Italy and France are synonymous with European wine, but the world’s oldest wine growing is thought by some to be further east — in the Thracian Valley, a fertile area of present-day Bulgaria. Just how old are these wines? Homer gives them a shout-out in the Iliad. These days, the region is obscure to the casual drinker, but thanks to G&B Importers and its partnership with several area restaurants and shops, it is rapidly putting itself back on the map.
Chef Geoff’s Wines
Chef Geoff’s, which now offers a Bulgarian house wine, has embraced the Thracian Valley wholeheartedly. On its surface, this is a somewhat odd marriage; the downtown eatery is known for solid, unpretentious American standards. But one of the reasons for its enduring popularity is its affordability, especially relative to other restaurants in the area. That’s where Bulgarian wines come in: at $8-12 per bottle, they represent an outstanding value.
G&B distributes wines from several Bulgarian vineyards, the most highly touted of which is Bulgariana, which boasts five wines with ratings of 86 or more from Wine Enthusiast. Bulgariana excels at deep, rich reds, like a highly regarded 2011 Cabernet Savignon Syrah, which finishes with hints of chocolate and espresso, and a fruitier 2012 Cabernet. K Cellars, another of G&B’s most popular wineries, also offers several winners, such as its complex 2012 Merlot.
Most of these varietals, especially the darker ones, would make a fine accompaniment for a traditional Bulgarian kebapche (grilled minced meat, not unlike a sausage), but they also go just fine with a large American steak. Plenty of liquor stores in and around the beltway now carry the entire line of options from both Bulgariana and K Cellars, but Chef Geoff’s might be the best spot in town to discover a wine tradition old enough to be familiar to the likes of Alexander the Great.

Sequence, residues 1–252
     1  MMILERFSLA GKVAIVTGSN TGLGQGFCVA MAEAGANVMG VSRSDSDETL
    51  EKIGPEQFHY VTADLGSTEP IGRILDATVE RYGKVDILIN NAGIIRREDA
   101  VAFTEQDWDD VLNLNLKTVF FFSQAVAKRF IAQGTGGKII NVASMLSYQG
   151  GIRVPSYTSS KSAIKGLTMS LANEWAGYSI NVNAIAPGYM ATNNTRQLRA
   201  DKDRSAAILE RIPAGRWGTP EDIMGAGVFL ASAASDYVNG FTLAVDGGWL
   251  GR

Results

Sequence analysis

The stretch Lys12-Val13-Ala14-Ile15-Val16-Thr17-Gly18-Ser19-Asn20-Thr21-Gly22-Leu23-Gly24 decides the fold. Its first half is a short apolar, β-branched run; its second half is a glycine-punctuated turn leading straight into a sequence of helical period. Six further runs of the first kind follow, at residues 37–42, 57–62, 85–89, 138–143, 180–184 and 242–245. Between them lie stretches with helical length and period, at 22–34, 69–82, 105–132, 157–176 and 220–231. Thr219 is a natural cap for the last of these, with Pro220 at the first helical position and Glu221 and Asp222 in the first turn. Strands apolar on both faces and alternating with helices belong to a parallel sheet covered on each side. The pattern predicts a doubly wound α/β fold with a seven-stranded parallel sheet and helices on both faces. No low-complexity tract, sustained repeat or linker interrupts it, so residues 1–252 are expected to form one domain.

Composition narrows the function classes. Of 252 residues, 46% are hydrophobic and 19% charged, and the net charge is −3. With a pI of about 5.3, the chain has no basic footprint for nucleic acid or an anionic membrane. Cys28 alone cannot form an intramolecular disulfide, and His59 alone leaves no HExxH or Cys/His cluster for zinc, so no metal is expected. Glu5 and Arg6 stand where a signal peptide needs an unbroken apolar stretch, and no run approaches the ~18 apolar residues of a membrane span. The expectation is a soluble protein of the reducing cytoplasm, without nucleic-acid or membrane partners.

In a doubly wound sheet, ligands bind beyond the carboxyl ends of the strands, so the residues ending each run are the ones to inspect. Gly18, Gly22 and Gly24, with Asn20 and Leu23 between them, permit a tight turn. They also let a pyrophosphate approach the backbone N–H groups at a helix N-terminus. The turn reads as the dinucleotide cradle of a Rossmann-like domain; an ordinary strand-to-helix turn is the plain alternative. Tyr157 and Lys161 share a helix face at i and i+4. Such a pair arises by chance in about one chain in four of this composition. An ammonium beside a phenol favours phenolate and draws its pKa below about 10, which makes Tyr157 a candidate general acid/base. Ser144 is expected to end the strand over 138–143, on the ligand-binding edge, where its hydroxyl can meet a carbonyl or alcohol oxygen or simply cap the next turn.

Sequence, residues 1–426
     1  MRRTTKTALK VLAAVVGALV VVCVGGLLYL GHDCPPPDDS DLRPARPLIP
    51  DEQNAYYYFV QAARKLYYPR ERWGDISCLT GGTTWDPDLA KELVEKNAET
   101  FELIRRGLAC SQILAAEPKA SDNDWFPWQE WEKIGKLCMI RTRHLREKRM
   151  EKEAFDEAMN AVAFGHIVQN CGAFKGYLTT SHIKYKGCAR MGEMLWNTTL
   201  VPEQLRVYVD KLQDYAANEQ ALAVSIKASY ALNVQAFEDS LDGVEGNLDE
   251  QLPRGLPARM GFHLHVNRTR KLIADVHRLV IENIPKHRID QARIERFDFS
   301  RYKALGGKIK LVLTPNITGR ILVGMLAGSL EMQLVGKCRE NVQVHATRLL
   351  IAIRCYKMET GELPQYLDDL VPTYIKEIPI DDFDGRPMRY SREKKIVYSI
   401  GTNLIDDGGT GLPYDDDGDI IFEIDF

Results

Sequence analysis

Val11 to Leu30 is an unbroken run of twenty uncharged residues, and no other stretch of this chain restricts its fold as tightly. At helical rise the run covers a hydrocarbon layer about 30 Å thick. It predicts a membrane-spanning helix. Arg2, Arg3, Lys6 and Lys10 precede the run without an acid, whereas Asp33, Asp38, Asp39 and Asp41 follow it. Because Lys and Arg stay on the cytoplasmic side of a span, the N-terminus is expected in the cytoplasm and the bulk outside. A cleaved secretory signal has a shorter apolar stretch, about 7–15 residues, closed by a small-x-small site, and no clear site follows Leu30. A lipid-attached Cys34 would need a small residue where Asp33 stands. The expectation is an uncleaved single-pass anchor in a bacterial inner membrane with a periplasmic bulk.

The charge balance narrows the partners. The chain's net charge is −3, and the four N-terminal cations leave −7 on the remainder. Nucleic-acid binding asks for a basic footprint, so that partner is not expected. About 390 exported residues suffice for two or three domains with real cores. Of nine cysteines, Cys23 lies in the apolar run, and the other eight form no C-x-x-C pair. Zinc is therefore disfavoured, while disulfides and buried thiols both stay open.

Cuba Libre: Feliz Cumpleanos to the Cuban Favorite
The world has changed in the five years since Cuba Libre, the Cuban restaurant originally based in Philadelphia, opened a second location a few blocks down from the D.C. Convention Center. At the time of its opening, it was the closest to Havana that most Americans could legally get. The situation has changed since Cuba opened its borders to American tourism, and in fact Cuba Libre has taken advantage of the shift in travel policy by sponsoring its own culinary tour of Cuba – already sold out. But if the price of airfare still proves prohibitive, gastronomic tourists can still find an outstanding alternative on 9th and H St. NW.
Everything about Cuba Libre – from its palm-frond ceiling fans to its wrought iron balconies (indoors) to its stained glass arched window coverings – has been calculated to evoke the spirit of a sprawling Cuban villa. The meticulously designed interior is impressive enough, but the food lifts Cuba Libre above theme park status. Among the menu’s highlights are the three types of ceviche – shrimp, bay scallop and shrimp – all of them briny, citrusy blends of seafood and assorted veggies. Golden, crispy Empanadas come in trays of two, three or four ($12, $15, $20); the De La Casa version, with chicken, corn and Monterey Jack, is pleasantly sweet and cheesy. Various other fried treats, like Malanga Fritters and Manchego Spinach Puffs are well worth sampling.
While the kitchen specializes in small plates, it can also be counted on to serve up flavorful cuts of fish, chicken and steak. The Churrasco a la Cubana ($28.25) bursts with savory lemon and garlic, and the Citrus Chicken ($21.75) radiates with smoky chipotle.
Of course, a large percentage of adult patrons at a Cuban restaurant feel they have an obligation to order a mojito. The bar delivers, with around fifteen mojito varieties (and perhaps even more if you sub in one of the obscure rums in stock). Late night Salsa dancing, which doesn’t shut down until 3 AM on Fridays and Saturdays is just the icing on the cake (the mint in the mojito?) for Cuba Libre, still going strong as it enters its sixth year in the District.